This week has been full. There remains much to process. A clear theme, however, is that there is very little in this work of conflict resolution, justice, reconciliation and healing that is concrete or certain. There is data, knowledge and information to be sure. Ultimately, though, engagement in the deepest rifts of this world means, that as practitioners, we will be part of something greater than ourselves. It is probable we will not be present for a particular conflict from its start to its finish. As a practitioner, I know this work to include lifelong learning. I find that wisdom comes as gift and miracle, and that discernment is a critical practice. Whether personal or professional, one is formed from the inside out to be present in the brokenness and the healing.

My own experience with trauma, and in the privilege of knowing the stories of suffering of many because of my work as a Christian minister, the reality is that conflict resolution, reconciliation, justice and healing do not work on a set timeline. When my husband was killed, many widows offered me “widow-wisdom”. One of the pithy phrases which was an encouragement to me was, “It takes the time it takes.” When I felt I was not ready to deal with something – a feeling, memory, an intense legal matter, or even a mundane daily task – I would remember this phrase and forgive myself for not having gotten on with life according to someone else’s timeline. Since one cannot “un-know” the experience of trauma, life is forever changed. Healing, I think includes integrating into one’s reality what one cannot un-know. Hopefully giving and receiving forgiveness can become part of one’s story. Hopefully empowerment can be integrated with the suffering. Healing peels back like the proverbial onion. And that is okay.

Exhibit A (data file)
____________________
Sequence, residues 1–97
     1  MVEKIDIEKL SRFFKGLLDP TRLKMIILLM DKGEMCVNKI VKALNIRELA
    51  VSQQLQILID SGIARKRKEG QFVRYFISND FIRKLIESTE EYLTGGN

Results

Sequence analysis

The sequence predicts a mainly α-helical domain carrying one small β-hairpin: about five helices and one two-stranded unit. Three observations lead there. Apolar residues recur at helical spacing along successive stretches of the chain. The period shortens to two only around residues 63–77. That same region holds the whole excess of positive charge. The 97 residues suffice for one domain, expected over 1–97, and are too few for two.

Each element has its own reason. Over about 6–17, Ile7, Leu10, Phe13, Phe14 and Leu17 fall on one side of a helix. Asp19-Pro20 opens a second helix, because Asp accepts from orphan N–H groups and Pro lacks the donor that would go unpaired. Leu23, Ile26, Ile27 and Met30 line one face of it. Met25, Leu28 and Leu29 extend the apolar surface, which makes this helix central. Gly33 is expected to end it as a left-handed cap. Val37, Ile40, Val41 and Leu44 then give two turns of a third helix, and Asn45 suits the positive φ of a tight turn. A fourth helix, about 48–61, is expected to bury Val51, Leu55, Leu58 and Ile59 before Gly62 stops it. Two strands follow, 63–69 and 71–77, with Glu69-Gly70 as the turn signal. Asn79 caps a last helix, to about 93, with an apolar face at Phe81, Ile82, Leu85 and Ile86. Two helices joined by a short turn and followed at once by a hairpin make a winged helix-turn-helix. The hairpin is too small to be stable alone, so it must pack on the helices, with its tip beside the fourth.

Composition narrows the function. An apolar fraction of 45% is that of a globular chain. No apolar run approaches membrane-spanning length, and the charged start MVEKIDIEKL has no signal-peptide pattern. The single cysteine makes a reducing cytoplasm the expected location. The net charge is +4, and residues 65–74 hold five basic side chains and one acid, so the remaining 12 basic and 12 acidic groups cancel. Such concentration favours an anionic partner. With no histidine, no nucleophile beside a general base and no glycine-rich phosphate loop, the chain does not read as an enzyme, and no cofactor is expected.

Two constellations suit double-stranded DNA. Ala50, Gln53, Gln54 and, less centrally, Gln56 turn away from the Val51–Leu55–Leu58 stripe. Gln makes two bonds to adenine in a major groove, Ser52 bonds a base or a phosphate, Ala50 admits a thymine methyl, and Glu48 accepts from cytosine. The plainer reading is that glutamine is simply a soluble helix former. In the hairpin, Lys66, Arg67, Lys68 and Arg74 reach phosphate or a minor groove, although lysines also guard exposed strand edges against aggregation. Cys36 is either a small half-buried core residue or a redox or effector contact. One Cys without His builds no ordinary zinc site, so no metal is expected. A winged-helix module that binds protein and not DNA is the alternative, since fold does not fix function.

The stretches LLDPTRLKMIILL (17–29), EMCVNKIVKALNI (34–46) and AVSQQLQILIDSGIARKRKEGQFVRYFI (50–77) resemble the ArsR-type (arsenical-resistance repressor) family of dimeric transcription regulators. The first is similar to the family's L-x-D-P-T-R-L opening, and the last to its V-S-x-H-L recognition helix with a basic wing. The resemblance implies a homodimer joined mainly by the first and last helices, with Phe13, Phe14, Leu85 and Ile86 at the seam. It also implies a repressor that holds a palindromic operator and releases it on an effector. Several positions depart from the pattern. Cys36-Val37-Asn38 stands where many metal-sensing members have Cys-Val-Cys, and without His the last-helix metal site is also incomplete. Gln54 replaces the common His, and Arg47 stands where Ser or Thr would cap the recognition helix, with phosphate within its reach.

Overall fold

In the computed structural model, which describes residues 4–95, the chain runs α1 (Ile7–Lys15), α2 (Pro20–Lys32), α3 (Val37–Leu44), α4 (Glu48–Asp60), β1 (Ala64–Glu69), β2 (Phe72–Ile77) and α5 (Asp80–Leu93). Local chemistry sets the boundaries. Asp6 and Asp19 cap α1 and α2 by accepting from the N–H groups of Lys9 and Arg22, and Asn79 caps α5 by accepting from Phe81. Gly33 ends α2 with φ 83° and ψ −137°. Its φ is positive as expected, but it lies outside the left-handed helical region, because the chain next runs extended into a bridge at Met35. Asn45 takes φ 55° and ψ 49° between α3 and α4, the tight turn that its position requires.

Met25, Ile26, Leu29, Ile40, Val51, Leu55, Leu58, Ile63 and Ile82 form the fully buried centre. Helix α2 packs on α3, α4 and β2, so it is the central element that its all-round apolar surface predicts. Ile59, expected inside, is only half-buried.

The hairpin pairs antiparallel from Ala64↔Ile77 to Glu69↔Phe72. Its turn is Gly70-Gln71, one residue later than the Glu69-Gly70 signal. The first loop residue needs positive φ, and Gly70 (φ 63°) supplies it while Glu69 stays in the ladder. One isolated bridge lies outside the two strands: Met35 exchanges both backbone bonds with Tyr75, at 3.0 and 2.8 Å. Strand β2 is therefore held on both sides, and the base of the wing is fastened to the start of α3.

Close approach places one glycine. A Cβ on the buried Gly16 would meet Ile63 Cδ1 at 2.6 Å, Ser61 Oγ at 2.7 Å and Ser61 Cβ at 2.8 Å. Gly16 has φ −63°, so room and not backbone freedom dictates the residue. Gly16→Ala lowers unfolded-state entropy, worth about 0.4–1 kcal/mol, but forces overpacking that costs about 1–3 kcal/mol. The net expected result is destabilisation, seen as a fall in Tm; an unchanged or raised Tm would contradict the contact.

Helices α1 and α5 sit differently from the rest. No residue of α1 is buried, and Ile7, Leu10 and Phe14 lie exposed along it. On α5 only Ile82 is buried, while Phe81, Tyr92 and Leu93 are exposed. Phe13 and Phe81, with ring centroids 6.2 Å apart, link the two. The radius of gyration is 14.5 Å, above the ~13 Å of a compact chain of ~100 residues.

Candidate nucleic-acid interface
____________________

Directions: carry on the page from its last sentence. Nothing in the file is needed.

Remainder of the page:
I experienced yesterday’s session on story telling with Amy Hill of Story Center (Based in Berkeley – check out the website at as synthesizing. Writing ( or in some other form telling) and deeply hearing our stories is a communion of sorts. While she did not use the word, “sacred” came to mind. Everyone has a story and each one is holy. Our stories are sacred because they connect us to mystery, something bigger than ourselves. We reverence the transformation (both pleasurable and horrific) that comes through events. Everyone’s story should be handled with care.

I was reminded of Rupi Kaur’s work. She is a poet, writer and story teller. Google her YouTube on taking her body back after being raped. I have enjoyed her book of poems, Milk and Honey. One poem is this:

the thing about writing is I can’t tell if it is healing me or destroying me”.

Writing (Dr. Iyer reminded us of the power of journaling) helps us move through death and new life; a natural way embedded in the creation that helps us come to new places. It is a process that supports our reconciliation, healing and justice. We are being healed even as we are destroyed. No doubt the process itself can be traumatic!

I close with this screen shot of another of Kaur’s poems and drawings from Milk and Honey.